Yellowknife MLAs represent a critical mass in the Legislative Assembly.
The lawmakers holding those seven local votes that can break or bend territory-wide legislation met with city councillors on Saturday morning to discuss where that weight should be thrown, and how the two levels of government should jointly approach issues in a fresh Assembly.
For MLAs deep in planning meetings, there was plenty to discuss: transferring land to the city, persistent homelessness downtown, and the shortfall in funding the territory transfers to municipalities, which has been estimated to be roughly $40 million.
“Twenty-three communities in the territory are underfunded,” Mayor Rebecca Alty told Yellowknifer. “We flagged that the GNWT has an anti-poverty strategy and an addictions recovery plan and reiterat(ed) the need to (provide) resources for them.”
Alty said the Saturday meeting covered alcohol management, detox, and the implementation of sobering shelter recommendations.
“When we talk about transferring government land to municipalities, this also affects Fort Smith, Hay River, Inuvik, and other communities.”
Yellowknife Centre MLA Julie Green said under-funding was a key election issue during the campaign. “There was some some urgency to close (the gap)” she said, noting only a quarter has been closed so far.
“The way things are right now, it’s obviously too slow for them to really make a go of it,” Green said, adding that as the largest community, Yellowknife faces the heftiest gap.
In August, Sara Brown of the NWT Association of Communities warned MLAs that the carbon tax would heap another financial burden on municipalities as they pay at the pump for public vehicle fleets.
While not every community has the gap, every MLA has a responsibility to address the issue, Green said. If all seven of the Yellowknife MLAs work together, that represents “a critical mass of lobbying to get this gap closed,” Green said, noting the members are currently hammering out priorities for the 19th Assembly.
If it’s not a priority, and thus doesn’t flow into the budget, the MLAs can continue to lobby the issue, Green said.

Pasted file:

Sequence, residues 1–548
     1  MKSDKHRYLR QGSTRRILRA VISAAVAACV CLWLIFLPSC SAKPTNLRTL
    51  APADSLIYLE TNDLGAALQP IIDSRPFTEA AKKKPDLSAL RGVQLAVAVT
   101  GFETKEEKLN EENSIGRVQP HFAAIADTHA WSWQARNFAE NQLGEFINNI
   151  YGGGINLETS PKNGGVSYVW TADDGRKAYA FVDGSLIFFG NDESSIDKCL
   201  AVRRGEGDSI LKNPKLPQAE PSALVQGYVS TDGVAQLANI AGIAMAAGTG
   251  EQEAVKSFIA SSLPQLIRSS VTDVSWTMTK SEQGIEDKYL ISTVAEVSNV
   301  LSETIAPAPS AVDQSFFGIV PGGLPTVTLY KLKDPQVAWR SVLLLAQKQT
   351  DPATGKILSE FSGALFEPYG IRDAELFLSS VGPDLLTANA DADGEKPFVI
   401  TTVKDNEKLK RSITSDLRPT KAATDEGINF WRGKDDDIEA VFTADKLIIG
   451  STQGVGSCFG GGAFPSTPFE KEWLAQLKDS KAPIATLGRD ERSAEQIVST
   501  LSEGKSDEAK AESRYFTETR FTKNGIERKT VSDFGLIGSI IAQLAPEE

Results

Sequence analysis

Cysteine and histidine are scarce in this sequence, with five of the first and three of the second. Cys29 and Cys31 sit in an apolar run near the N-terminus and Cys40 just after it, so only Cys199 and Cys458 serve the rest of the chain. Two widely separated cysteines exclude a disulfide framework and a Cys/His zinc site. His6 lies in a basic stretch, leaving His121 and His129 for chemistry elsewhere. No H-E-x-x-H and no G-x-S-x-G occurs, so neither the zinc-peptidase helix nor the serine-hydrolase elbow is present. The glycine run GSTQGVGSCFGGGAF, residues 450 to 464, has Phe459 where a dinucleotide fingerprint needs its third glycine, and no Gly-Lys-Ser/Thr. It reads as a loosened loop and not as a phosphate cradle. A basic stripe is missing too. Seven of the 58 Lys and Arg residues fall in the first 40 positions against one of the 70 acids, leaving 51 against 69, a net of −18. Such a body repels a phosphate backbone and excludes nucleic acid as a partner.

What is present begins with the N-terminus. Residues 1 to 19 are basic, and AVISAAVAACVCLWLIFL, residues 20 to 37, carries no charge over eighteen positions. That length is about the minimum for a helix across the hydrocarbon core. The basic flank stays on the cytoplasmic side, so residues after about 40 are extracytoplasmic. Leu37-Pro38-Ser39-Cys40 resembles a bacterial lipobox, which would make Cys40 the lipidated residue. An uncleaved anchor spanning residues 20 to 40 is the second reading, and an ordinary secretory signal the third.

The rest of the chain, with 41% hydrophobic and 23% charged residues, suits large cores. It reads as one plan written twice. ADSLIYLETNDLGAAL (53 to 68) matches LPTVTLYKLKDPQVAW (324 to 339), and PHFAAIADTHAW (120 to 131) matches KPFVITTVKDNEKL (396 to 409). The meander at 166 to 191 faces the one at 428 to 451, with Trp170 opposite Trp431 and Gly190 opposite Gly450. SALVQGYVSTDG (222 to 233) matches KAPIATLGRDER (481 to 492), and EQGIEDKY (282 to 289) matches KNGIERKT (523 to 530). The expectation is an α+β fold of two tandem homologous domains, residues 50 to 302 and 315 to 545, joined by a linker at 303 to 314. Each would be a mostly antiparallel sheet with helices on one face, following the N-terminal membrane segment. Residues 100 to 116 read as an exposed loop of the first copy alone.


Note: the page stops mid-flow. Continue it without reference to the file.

Frame Lake MLA Kevin O’Reilly said he met with the NWT Association of Communities and cited his own history with the issue while other MLAs recently raised the issue again in meetings.
“I think it’s time that we have a more serious discussion about how we’re going to close that gap,” he said.
Green also acknowledged there’s a need for more security and programming to increase safety downtown. Attendees at the meeting discussed an increased police presence, and tackling open liquor consumption. Housing First may also see a bump in funding.
While there are more than 150 people on the Housing First wait list, a 2018 City of Yellowknife survey reported that there were about 338 people experiencing homelessness in the city. Of those, 95 per cent reported wanting permanent housing. On top of that 2,500 Yellowknifers cannot affordably secure market rental housing, according to a 2018 Canadian Mortgage and Housing Corporation report.
“We need to find a better way to address (homelessness),” O’Reilly told Yellowknifer.
While a report identified a target to address the issue in the city, the money never materialized, he said. There was a plan to tackle the challenge “and it never happened,” he said.
In September 2018, the GNWT put out a request for proposals to develop a strategic homelessness plan, but the news release issued at the time didn’t include any timelines or deadlines to submit.
Green wasn’t sure if efforts are coordinated at the political level. She suggested a joint working group of councillors and local MLAs to share a common approach between levels of government.
Regular meetings between the two groups before each session, three a year, would aim to make collaboration more practical.
“To talk to one another about what the issues and understand one another’s roles and responsibilities … while we’re working in the interest of everyone,” she said.
For Kam Lake MLA Caitlin Cleveland, it was an “open” opportunity to rebuild a relationship with local government.
“At the end of the day, we’re both trying to provide programs and services to the people of the Northwest Territories,” Cleveland said. “There’s lots of relationships that are getting off on a strong foot.”
Meanwhile, Alty said that although there was a lot of good talk at the outset, words need to be turned into action.
“We’re not forgetting that more and more will get added to their plate and at the end of the day we all want to do the same thing and that’s to improve lives here in the territory,” she said.
– with files from Brett McGarry